The AFL says it wants to start a conversation about discrimination against LGBTI people at its first pride match.
The game between St Kilda and Sydney was played last Saturday night where goal umpires waved rainbow flags.
St Kilda players will wear guernseys with rainbow-coloured numbers for the match, while the Swans will wear rainbow–coloured socks.
AFL chief executive Gillon McLachlan said he wanted footy goers to be able to be who they were.
“We’re not trying to be the social leader on everything, but issues come up from time to time that we need to lead on and this is one of them,” he said.
“We’re not going to solve anything through this one game. Some will be outraged and some will applaud it.
“Hopefully, we can make a small indent in young people’s lives so they feel comfortable coming out or having the conversations they need to have, and if they feel that little bit more accepted we’ve done our role.”
St Kilda chief executive Matt Finnis, who raised a rainbow flag at AFL House on Tuesday, said it was an important issue.
“It’s a historic moment, not just in AFL but in world sport,” he said.
Mr Finnis said the club was inspired to support the round after Jason Ball became the first Australian rules player, while at Yarra Valley Mountain District league, to come out as gay in 2012.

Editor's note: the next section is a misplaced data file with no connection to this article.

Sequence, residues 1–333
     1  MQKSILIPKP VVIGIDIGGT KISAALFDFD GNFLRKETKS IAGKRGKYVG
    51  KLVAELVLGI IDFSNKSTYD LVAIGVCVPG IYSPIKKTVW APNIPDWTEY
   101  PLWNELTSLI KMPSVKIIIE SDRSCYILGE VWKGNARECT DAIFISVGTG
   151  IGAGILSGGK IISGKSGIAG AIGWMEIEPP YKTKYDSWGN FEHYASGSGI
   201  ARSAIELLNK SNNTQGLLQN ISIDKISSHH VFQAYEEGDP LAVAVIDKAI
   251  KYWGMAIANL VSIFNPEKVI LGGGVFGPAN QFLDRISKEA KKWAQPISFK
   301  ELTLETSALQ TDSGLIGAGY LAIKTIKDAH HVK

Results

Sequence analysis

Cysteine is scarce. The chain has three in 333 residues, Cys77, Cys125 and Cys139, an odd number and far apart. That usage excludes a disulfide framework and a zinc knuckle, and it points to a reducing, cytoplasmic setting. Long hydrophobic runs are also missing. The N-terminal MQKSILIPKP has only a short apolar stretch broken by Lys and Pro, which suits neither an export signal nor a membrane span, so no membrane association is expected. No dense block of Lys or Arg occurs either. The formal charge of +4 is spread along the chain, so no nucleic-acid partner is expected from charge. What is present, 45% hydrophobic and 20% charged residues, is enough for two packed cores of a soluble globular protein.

“We saw the way in which a country town got behind that game and really started having a conversation about things that perhaps were a little unspoken,” he said.
“The unfortunate reality is the LGBTI community haven’t felt welcome at sport or at the footy.
“We also know that instances of mental illness and suicide amongst LGBTI is at a far more significant level and that’s something we should all feel very uncomfortable about, and we should all feel like we should do what ever it is that we can to try and turn that around.”
Sydney Swans chairman Andrew Pridham said the club was proud to be involved.
“Statistically there are gay football players playing AFL. We just have to create the environment that they feel comfortable in,” he said.
Beyond Blue chairman Jeff Kennett said the pride game was about reducing discrimination.
“This I see as a genuine attempt to increase the way in which we relate to each other for better and to lower the incidence of discrimination,” he said.
“It’s not going to change the world overnight, but it’s a step in the right direction.”